Too busy to keep up with the tech news? Here are some of the more interesting stories from CNET for Wednesday, August 10.
Anonymous says it will target Facebook on November 5. CNET blogger Chris Matyszczyk asks, "Regardless of whether this is a fake threat, a rogue threat or a full-bore one, is Facebook scared? It surely has some reason to be."
Kindle Cloud Reader app allows you to get Kindle library on your PC or tablet from Safari or Chrome. You can read Kindle books on the iPad using the Safari browser. Apple may choose to disable Web apps in the iPad's Safari browser.
CNET gets the scoop on the San Mateo district attorney's office, which is filing charges against two men who allegedly sold a prototype iPhone last year to Gizmodo.
The Federal Trade Commission is looking into whether Google is preventing device makers that use Android from using competing technology.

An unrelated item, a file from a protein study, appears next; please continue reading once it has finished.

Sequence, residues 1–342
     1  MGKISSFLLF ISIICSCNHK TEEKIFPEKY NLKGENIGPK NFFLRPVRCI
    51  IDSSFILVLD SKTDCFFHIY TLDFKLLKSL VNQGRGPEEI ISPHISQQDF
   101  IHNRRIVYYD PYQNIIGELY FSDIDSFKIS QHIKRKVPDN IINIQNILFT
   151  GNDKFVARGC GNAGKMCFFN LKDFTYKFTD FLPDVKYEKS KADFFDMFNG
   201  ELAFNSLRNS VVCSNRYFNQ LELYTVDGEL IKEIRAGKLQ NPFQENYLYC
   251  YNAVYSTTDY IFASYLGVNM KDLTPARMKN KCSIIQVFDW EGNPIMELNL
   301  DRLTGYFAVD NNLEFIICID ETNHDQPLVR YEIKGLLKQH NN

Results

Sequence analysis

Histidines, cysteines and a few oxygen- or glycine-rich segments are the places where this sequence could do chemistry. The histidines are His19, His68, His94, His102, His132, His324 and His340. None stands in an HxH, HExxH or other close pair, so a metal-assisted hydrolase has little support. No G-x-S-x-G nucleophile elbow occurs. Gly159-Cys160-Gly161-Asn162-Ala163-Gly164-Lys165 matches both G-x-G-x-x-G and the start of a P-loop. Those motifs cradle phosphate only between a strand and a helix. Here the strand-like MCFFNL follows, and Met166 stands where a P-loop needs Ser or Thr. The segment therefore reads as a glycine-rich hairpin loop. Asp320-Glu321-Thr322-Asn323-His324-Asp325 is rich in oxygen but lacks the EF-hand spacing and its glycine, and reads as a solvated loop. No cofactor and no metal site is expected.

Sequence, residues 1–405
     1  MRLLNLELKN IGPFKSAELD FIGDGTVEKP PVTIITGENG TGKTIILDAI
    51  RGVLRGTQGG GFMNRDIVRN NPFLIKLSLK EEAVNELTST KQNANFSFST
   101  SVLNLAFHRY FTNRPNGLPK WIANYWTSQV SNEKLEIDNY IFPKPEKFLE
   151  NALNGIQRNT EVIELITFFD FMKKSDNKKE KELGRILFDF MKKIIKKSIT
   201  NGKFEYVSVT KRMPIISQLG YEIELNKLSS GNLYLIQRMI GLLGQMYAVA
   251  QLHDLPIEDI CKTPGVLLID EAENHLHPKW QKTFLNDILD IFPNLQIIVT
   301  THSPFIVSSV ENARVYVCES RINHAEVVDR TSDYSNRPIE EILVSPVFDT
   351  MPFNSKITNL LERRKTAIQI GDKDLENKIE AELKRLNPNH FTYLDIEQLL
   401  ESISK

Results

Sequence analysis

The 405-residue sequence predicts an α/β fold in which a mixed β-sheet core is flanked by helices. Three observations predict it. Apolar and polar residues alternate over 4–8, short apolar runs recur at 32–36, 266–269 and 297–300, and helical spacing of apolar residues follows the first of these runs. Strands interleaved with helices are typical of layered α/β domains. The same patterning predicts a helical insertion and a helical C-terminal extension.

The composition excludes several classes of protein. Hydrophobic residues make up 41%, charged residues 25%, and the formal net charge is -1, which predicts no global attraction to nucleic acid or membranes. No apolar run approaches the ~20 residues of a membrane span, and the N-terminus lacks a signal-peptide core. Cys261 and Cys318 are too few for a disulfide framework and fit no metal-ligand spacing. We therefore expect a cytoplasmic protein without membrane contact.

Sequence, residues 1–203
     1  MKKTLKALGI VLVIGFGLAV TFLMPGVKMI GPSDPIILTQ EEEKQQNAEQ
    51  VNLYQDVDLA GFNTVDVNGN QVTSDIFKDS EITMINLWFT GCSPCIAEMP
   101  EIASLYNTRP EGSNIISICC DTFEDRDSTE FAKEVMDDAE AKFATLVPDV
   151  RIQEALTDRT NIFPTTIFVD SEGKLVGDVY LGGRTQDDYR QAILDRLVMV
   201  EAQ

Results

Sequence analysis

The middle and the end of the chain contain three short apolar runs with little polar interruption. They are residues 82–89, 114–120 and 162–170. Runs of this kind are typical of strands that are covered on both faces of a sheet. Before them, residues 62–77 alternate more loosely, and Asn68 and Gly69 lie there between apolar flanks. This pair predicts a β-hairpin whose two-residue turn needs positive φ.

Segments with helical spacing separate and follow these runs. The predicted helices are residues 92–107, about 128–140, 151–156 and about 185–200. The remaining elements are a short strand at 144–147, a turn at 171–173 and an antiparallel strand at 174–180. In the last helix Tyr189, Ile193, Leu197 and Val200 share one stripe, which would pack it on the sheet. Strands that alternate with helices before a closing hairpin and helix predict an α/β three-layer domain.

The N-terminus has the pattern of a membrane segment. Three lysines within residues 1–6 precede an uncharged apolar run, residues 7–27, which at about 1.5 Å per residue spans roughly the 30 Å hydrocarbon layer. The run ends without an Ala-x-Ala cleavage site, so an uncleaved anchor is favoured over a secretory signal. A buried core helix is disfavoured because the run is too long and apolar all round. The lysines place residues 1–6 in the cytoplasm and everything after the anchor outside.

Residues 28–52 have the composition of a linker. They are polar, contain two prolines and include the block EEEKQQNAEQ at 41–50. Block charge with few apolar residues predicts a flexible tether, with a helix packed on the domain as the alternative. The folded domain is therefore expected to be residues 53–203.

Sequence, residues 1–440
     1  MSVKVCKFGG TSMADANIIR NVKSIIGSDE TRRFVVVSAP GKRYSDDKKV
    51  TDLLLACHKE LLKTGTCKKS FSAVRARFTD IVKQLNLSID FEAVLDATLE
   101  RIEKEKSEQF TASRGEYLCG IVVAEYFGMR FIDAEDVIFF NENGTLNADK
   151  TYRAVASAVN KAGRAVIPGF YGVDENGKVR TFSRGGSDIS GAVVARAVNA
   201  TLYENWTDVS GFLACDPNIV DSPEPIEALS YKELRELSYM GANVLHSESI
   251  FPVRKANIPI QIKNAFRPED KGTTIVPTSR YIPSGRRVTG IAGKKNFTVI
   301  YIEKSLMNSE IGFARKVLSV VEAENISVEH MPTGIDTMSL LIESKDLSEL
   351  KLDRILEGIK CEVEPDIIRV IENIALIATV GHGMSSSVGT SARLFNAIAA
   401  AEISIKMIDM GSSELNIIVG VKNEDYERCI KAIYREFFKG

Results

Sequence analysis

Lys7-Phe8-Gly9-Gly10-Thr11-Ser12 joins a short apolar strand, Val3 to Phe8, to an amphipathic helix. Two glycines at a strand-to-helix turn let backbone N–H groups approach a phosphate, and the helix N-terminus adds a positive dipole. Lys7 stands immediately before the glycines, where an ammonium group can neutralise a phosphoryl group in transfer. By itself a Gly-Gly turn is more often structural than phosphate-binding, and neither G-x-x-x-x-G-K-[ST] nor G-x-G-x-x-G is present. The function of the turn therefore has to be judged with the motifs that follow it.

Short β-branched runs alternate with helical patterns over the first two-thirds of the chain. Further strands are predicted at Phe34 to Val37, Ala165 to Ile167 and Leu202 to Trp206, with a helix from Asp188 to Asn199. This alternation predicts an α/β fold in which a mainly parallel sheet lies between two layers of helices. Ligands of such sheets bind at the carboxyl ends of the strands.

Army is creating a task force to accelerate its program to get 25 percent of its energy from renewable sources by 2025.
Plango launches social, mobile calendar for Facebook, so you can check-in to future events and send out invites to your friends on-the-go.
Hackers hacked the Hong Kong stock exchange. Seven companies were affected, so the stock exchange stopped trading for those involved. "It was the first time for a suspension due to such a kind of technical problem and one involving so many companies," Alfred Chan, chief dealer at Cheer Pearl Investment in Hong Kong, told Reuters.
CNET's Jessica Dolcourt visits Verizon's App Innovation Center in San Francisco.
Cisco reports fourth-quarter earnings of $1.2 billion, or 22 cents a share, on revenue of $11.2 billion, up from last year. However, economic concerns persist.
Have a sneak peek at Audi's electric microcar, designed to zip through city streets.
Something like the iPhone 5 has arrived early: A copycat version of the iPhone 5 is being sold in China. It's called HiPhone 5.
Twitpic founder is seeking revenge with his new start-up Heello, with is a clone of Twitter.
A study from Pew Internet says that we love to surf the Web, primarily for search and e-mail.